Uncovering Italy’s Superlatives in people, places and things

Trailblazers: Enzo Mari and Bruno Munari

Enzo MAri in his Studio

Design Revolution

Design has the power of revolution. A simple object is transformed into both a beautiful work of art and an incredibly integral product.  No one knew that better than Enzo Mari and Bruno Munari, Italy’s trailblazers of designPioneering design with ingenuity and communication, Mari and Munari commanded the world stage of visuals for nearly a century and were key players of formidable design manufacturer Danese Milano.

“Form is everything”

Enzo Mari

Enzo Mari

Enzo Mari was an emphatic provocateur.  Form was the inspiration for a personal manifesto that led his illustrious career as an industrial designer, writer and artist.  Born in Novara in 1932, Mari lived most of his life in Milan, creating incredibly beautiful, amusing and useful objects.  

The Enzo Mari Box Chair.

Graphics, painting, furniture and product design, there was no arena of visual art and design that he didn’t impact. The post-modernist’s emblematic style was minimal forms, well-thought material and clever color, fundamental to the history of Italian and world design.

Mari’s designs were intended for function, and subsequently became some of the most coveted pieces for collectors. His most famous designs include the Sof Sof chair (1971), the Box chair (1971) and the Tonietta chair (1985), which has been mimicked for decades.

“To complicate is simple, to simplify is complicated”

Bruno Munari

Bruno Munari

Munari’s iconic Campari graphics at Campari HQ in Sesto San Giovanni.

Munari was an original Futurist in every aspect- a painter, performer, designer, author and inventor.  Born in Milan in 1907, Munari grew up in the Veneto countryside but by the mid-1920s, he returned to a post-war Milan where he worked in advertising and graphics with famed Futurist leader F. T. Marinetti.

Design, story-telling and humor were Munari’s obsessions. He fully immersed himself in the world of the visual, and became Italy’s post-modern Renaissance man, active in almost every important visual design moment of the 20th century- Futurism, Concrete Art, Abstract, Surrealism, Kinetism and more.  Munari’s design heritage includes useful products like the mulitples Acona Biconbi lamp (1961), Cubo bar (1962) LINK TO ISSIMO PRODUCT “CUBO”; Falkland suspension lamp(1964) and the modular Abitacolo bed and shelving unit (1971) as well as the iconic Campari graphics.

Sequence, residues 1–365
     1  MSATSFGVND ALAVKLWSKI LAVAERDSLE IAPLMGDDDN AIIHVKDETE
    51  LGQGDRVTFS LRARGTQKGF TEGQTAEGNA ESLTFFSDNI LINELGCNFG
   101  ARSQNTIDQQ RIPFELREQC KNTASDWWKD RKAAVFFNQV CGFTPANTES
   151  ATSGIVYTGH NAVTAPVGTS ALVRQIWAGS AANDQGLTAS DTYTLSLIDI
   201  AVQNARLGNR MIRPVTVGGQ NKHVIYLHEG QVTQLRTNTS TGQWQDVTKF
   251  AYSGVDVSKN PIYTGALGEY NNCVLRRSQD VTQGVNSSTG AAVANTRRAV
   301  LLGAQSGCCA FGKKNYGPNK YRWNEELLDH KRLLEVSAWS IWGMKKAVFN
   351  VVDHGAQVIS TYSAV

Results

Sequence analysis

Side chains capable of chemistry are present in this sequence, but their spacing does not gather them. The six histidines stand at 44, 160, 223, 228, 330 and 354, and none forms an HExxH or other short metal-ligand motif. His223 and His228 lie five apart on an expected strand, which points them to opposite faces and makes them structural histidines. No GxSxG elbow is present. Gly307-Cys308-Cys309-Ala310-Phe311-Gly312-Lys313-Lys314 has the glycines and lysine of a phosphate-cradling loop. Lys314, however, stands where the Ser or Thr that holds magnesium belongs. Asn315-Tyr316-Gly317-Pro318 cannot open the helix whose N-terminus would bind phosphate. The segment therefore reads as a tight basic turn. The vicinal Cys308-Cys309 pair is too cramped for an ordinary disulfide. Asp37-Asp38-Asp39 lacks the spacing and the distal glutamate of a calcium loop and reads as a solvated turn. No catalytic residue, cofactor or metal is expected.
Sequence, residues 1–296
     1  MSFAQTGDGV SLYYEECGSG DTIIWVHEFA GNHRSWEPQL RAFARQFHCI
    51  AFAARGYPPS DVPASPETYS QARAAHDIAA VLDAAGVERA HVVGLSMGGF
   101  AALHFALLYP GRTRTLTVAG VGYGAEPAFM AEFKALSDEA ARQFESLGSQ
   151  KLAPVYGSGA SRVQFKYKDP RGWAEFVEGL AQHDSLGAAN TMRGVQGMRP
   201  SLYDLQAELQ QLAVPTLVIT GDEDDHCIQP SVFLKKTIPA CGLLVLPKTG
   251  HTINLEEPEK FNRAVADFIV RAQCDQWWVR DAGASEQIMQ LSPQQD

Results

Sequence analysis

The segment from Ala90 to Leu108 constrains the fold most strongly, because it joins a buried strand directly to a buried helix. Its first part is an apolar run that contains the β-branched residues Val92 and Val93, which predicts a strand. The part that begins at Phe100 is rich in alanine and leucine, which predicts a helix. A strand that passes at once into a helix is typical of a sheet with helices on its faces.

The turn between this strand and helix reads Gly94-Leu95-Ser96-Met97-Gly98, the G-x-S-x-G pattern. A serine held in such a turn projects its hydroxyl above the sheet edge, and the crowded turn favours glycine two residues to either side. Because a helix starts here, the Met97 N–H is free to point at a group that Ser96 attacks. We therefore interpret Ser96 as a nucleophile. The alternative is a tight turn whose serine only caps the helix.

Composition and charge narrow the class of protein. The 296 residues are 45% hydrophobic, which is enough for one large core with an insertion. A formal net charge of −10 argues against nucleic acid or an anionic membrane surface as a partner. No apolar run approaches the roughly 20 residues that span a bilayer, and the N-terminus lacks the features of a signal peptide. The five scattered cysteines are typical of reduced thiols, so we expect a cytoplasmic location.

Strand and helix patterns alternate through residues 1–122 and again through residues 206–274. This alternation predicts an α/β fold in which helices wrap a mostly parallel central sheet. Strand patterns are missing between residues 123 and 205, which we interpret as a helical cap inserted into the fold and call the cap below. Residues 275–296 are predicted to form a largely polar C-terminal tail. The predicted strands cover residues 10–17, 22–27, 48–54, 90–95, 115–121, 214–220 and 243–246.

Munari, like Mari, had a career that spanned nearly a century and pushed into the future, i.e. the 21st century.  In addition to design, he was a prolific author whose books inspire artists and designers, and  his children’s books continue to transform education. More than a designer, Munari was an activator whose aesthetic and iconic visual style vaulted concepts and brands to the world stage.

Design and Danesi

Founded in 1957 by Bruno Danese and Jacqueline Vodoz, Danese Milano is one of, if not, the leader of Italian design whose manifesto states that its goal is to “bring art into everyday life” – something Danese continues to do. 

In its founding decades and decades to follow, Mari and Munari, along with Angelo Mangiarotti and Achille Castiglioni were fundamental to Danese, bringing in experimentation in art and design of materials and technique to create products that became milestones in Danese’s ever-growing catalog. These timeless “disruptive objects” are emblematic in the history of Italian design.

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